There was testimony that the employee was not required to lift any luggage in the performance of his duties. There was evidence, which was believed by the single member and the board, that the employee told his wife and daughter when they inquired as to the cause of his illness that he had lifted something at work, that he advised his son at the hospital never to lift anything heavy, and that these statements of the employee were true. The employee was in the main engaged in supervising the movement of the luggage rather than in doing the actual moving himself. If in the course of his work it at times became necessary to move a piece of luggage among those piled up at his desk, it could hardly be said that this would not be a mere incident of his work which facilitated the flow of the outgoing luggage. If not required to move luggage, he was not forbidden to do so. It may be that he had little opportunity to move luggage from various parts of the hotel because he was kept busy at his desk attending to the needs of the guests. At any event, he was seen to "touch" luggage in the check room. Whether in doing whatever lifting he did he was acting within the scope of his employment was a question of fact

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for the determination of the board. See Demetre's Case, 322 Mass. 95, 99.

The findings of the single member were adopted by the reviewing board. He found that the employee suffered a pain from lifting while at work; that such lifting and ascending the stairs to the timekeeper's office would be sufficient cause of the "dissecting aneurysm of the aorta with rupture into pericardium and cardiac tamponade" which resulted in his death. The single member then continued in his report as follows: "I find and rule on all the facts and circumstances of this case that the insurer has not by `substantial evidence to the contrary' overcome the presumptive evidence under . . . [G. L. (Ter. Ed.) c. 152, Section 7A, inserted by St. 1947, c. 380] . . . . I find and rule that the employee on March 3, 1950, suffered a personal injury arising out of and in the course of his employment . . . which caused his death early the following morning."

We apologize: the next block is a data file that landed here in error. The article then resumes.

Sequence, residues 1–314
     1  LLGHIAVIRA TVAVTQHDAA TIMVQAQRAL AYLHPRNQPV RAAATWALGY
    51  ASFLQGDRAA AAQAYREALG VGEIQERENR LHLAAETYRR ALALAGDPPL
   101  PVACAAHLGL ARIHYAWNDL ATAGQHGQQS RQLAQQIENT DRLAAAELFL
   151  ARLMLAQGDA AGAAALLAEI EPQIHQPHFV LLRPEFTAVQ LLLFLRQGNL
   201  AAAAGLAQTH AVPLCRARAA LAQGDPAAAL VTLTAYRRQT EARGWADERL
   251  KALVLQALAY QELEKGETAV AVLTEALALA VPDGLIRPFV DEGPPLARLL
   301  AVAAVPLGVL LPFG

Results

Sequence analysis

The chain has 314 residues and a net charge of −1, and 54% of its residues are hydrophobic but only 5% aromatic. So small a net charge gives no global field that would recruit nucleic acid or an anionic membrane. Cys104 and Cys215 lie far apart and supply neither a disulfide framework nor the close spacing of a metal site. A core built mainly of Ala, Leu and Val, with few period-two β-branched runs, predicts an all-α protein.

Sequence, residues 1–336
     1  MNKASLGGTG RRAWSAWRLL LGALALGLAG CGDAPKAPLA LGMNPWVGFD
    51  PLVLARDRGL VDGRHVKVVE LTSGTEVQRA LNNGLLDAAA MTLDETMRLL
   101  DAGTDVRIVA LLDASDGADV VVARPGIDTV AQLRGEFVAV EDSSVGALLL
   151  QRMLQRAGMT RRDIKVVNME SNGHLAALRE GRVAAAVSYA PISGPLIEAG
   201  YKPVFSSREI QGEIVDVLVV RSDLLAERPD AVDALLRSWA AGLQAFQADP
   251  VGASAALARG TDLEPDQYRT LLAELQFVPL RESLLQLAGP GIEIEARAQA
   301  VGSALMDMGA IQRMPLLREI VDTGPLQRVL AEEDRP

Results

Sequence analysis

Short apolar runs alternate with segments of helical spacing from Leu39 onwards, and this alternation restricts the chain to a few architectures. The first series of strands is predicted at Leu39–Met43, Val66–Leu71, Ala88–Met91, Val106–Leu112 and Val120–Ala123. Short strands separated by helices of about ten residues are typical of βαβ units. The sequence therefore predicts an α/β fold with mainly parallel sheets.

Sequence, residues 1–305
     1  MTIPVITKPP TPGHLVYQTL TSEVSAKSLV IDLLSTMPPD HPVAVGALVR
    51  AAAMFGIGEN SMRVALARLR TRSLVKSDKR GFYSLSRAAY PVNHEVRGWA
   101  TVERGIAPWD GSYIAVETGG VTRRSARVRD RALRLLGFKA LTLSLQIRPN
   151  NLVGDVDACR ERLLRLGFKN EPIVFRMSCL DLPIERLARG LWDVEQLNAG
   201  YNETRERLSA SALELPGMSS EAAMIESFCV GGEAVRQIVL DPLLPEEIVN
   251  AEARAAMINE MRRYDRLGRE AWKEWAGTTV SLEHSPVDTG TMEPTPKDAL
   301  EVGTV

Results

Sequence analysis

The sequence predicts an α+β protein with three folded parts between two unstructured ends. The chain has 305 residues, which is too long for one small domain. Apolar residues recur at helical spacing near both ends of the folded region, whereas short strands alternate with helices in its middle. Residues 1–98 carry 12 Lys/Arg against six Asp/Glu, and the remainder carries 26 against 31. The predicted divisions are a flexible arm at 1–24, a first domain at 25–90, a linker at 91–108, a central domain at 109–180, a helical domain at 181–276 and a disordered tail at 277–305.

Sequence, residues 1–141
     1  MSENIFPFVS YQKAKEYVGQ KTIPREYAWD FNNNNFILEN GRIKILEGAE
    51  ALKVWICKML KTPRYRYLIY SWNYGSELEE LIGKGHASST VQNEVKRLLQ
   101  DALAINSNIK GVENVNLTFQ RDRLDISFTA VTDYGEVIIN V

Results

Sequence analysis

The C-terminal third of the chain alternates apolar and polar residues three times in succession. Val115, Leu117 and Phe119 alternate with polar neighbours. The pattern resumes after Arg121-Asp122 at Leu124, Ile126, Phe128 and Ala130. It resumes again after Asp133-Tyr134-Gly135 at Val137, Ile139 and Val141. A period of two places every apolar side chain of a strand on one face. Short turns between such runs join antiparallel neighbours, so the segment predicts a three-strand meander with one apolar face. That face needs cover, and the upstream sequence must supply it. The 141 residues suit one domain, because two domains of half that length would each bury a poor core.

The insurer introduced considerable evidence from lay and medical witnesses which strongly tended to support its contentions that the employee had not done any lifting previous to the onset of the heart attack; that if the attack was caused by lifting it would appear almost immediately after the exertion; that he had not sustained any cardiac injury up to the time he left his desk to visit the timekeeper; and that there was no manifestation of any injury until about the moment he arrived at the timekeeper's office and after he had ascended two flights of stairs, the exertion from which was adequate cause to produce the breaking of the small blood vessels in the middle layer of a diseased aorta and resulted in death. Such evidence cannot be said to be not substantial and the finding and ruling so called of the member (see Roney's Case, 316 Mass. 732, 734) adopted by the board was wrong in fact and erroneous in law.

The statute, G. L. (Ter. Ed.) c. 152, Section 7A, in cases where it applies affords a powerful aid in the nature of a presumption to a claimant in enabling him to sustain the burden of proof without introducing affirmative evidence sufficient to establish that the injury arose in the course of and out of

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the employment, Goddu's Case, 323 Mass. 397, Woloshchuck's Case, 325 Mass. 10, and, unless this statutory presumption is met by substantial evidence to the contrary, it requires a finding as matter of law that the injury was casually connected with the employment. Lapinsky's Case, 325 Mass. 13, 16. Stepner's Case, ante, 230.

While the board found that the employee had lifted something at his work and that the strain from the lifting and the further exertion due to ascending the stairs to the timekeeper's office would be sufficient cause to bring on the heart attack which resulted in his death and reached the general conclusion that the injury arose out of and in the course of employment, we are not at all certain that it did not arrive at that conclusion by considering the claim as a compensable one in consequence of the erroneous ruling that the self insurer had not introduced substantial evidence to rebut the statutory presumption that it was such a claim. In effect, this amounted to disregarding strong probative evidence tending to negative the claimant's case. In these circumstances the decision of the board awarding compensation ought not to stand. The decree of the Superior Court is reversed and the case is to be recommitted to the board to decide, upon the evidence already heard and without applying Section 7A, whether the employee's injury arose in the course of and out of his employment. Ward's Case, 286 Mass. 72, 77. Di Clavio's Case, 293 Mass. 259, 261-262. Evans's Case, 299 Mass. 435, 437-438. See Kelly v. Citizens Finance Co. of Lowell, Inc. 306 Mass. 531, 534; O'Keefe v. William J. Barry Co. 311 Mass. 517, 520-521.

So ordered.